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UC Santa Cruz Farm CSA
Week 3 - June 21 and 24

What's in the Box?

Strawberries - Albion
Blueberries - Mixed
Plums - Santa Rosa
Avocados - Bacon
Basil - Aroma
Beets - Chioggia
Kale - Red Russian
Lettuce - Panisse and Breen
Dry Beans - Vermont Cranberry or
Black Turtle

 

Box Pickup: 12-6:30 Hay Barn (Tues/Fri); or 2:30-5:15, West Side Feed (Tues only)
bouquet of roses and other flowers
Photo courtesy of Liz Birnbaum
The 10-week Flower Share begins next week with the June 28 / July 1 CSA box.
It's not too late to sign up! If you would like to receive a fresh bouquet with your share contact casfs@ucsc.edu or 831.459.3240
Notes from the Field


Welcome to the latest riff on the theme of “Notes from the Field!” The latest batch of apprentices are being put through their paces learning how to get all these delicious crops out of the ground, and into the hands of eager CSA customers. It’s so wonderful to get to chat with some of our CSA shareholders and hear how much you all look forward to the beginning of the season. Berries have been (as ever) incredibly popular, and seem to be particularly appreciated by some of the “mini-CSA’ers” that accompany their parents on share pick-up day. I hope at least some of the berries make it home for adult consumption!

 

Harvest season continues apace, with some crops taking their first tentative steps into the limelight (chioggia beets – gorgeous, stripey and delicious), while others are reaching their peak performance (the beautiful blueberries) and will begin retiring from the stage in a few weeks for a well-earned rest. 

 

We are incredibly excited about our flower CSA which starts on June 28. A few shares are still available, so sign up soon if you would like to receive flowers as this addition to our CSA program has proved very popular!

 

We have been carefully tending to some of the gorgeous blooms that are due to grace the first bouquets of the season. The stock looks and smells amazing, while the zinnias are getting ready to dazzle us with a great display of color. So much so in fact that we have had to pinch off some of the nascent flower buds to make sure that we don’t have an early crop with nowhere to go! Flowers are of course a wonderful, in fact essential, addition to any productive farm or garden. They provide a banquet for our vulnerable and much loved pollinators, who in turn help to pollinate the tasty fruit and veggies that frequent your veg and fruit CSA boxes. The CSA flower blocks at the farm are a fantastic bee habitat and are buzzing with life. It’s a complete joy to watch them at work. We are also proud to be supporting the growing “slow flower movement" (http://modernfarmer.com/2016/03/slow-flowers/). In contrast to many of the flowers sold in the US all the flowers in our CSA are seasonally appropriate, organically grown and of course local, produced right here on the farm! So If you think you would like to add a little extra color to your life in 2016, then sign up for one of our flower shares and we will gladly provide you with a dose of floral happiness every week.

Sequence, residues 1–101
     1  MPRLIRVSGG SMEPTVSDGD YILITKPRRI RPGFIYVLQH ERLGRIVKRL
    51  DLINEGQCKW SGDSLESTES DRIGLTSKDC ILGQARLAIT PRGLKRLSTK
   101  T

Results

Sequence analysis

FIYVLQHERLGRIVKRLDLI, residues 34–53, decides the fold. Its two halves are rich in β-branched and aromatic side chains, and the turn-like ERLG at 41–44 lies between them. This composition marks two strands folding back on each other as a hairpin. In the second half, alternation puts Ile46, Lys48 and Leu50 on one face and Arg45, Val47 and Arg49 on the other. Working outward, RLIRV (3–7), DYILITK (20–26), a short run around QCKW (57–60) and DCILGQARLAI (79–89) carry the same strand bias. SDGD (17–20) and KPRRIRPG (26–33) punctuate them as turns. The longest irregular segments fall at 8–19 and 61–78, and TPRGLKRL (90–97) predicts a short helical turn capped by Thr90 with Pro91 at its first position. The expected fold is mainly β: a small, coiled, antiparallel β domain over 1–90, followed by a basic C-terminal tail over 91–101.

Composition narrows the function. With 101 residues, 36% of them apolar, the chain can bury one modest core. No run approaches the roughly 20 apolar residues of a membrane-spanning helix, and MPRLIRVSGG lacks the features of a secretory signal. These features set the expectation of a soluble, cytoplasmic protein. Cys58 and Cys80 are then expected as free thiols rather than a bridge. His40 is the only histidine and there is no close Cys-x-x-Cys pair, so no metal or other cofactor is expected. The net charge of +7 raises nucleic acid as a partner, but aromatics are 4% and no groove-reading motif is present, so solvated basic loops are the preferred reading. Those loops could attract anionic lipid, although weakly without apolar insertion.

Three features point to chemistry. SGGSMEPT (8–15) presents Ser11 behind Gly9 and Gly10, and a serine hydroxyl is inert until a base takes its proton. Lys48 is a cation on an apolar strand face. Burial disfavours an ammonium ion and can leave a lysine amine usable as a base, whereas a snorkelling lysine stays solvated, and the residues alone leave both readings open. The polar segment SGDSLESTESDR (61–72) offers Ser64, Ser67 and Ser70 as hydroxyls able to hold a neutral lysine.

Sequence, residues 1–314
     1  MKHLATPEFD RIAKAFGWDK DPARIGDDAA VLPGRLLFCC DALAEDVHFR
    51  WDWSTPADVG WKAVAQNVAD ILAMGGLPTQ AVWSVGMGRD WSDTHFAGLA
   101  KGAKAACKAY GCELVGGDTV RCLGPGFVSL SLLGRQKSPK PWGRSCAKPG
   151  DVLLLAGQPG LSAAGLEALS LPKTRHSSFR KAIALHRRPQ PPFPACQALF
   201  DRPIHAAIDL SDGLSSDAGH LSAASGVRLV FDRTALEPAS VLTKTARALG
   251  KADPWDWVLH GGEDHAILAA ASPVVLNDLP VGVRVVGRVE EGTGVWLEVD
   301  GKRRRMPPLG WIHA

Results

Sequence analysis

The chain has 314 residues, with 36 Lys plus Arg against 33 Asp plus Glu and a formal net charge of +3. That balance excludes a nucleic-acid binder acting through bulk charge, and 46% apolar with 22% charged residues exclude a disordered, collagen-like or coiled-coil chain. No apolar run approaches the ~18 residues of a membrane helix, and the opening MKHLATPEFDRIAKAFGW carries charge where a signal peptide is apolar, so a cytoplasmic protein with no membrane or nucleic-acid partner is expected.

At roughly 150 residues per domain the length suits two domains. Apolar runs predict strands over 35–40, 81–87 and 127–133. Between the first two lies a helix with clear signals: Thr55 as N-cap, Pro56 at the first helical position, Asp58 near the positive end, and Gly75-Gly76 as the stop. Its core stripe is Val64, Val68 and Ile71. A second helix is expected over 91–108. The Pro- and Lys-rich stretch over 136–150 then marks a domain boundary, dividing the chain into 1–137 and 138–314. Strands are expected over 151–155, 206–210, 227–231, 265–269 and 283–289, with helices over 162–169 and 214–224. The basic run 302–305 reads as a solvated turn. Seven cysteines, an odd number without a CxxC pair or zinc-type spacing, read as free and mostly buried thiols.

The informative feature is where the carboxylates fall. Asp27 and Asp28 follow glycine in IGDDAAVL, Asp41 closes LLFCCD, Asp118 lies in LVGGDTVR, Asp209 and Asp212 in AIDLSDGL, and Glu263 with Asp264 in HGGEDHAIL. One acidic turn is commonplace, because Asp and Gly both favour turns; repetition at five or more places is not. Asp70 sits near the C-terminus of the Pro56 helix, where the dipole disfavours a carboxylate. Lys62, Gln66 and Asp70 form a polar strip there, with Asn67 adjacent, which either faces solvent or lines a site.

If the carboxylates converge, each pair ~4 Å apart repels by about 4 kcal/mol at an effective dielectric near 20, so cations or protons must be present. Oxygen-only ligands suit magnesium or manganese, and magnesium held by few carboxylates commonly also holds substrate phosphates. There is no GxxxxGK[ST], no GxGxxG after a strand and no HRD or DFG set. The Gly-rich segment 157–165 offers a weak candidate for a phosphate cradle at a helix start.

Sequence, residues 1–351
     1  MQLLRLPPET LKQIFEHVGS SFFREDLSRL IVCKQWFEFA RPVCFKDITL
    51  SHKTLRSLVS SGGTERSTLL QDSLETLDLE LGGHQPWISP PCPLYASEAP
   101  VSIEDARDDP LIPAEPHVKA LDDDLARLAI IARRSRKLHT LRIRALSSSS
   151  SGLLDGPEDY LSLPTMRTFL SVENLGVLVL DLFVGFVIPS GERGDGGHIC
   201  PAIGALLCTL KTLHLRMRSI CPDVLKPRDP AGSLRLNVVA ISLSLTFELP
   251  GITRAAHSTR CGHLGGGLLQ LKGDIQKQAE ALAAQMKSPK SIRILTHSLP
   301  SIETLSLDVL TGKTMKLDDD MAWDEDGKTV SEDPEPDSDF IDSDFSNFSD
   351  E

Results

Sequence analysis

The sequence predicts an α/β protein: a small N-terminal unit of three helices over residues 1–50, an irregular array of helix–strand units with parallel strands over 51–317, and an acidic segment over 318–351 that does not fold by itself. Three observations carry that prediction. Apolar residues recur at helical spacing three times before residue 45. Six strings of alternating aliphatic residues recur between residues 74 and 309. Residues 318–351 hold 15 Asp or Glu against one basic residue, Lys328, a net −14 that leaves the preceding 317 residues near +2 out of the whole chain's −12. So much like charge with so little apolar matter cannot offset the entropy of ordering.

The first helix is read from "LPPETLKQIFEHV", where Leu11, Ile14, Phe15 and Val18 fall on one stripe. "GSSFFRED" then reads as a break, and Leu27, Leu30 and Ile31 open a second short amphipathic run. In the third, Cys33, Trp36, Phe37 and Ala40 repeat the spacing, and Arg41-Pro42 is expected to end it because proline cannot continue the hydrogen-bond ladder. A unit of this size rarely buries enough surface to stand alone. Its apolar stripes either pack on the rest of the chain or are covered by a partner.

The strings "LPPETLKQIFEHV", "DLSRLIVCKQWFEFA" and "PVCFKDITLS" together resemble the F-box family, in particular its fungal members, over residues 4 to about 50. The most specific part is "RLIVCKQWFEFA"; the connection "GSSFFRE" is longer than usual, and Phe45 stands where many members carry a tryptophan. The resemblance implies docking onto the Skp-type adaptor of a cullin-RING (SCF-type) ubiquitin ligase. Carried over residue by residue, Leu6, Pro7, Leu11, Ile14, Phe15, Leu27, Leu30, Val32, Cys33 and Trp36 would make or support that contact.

We hope you enjoy your produce as much as we enjoy producing it!

– Laura Vollset

1st Year Apprentice
bunch of chioggia beets
Recipes by Crop
Recipe PDFs are available on our website, indexed by crop.

Newsletter archives are also available.
avocado


Candy Cane Beet Salad


This amount serves six as one of a couple of starters, or four if you have less food.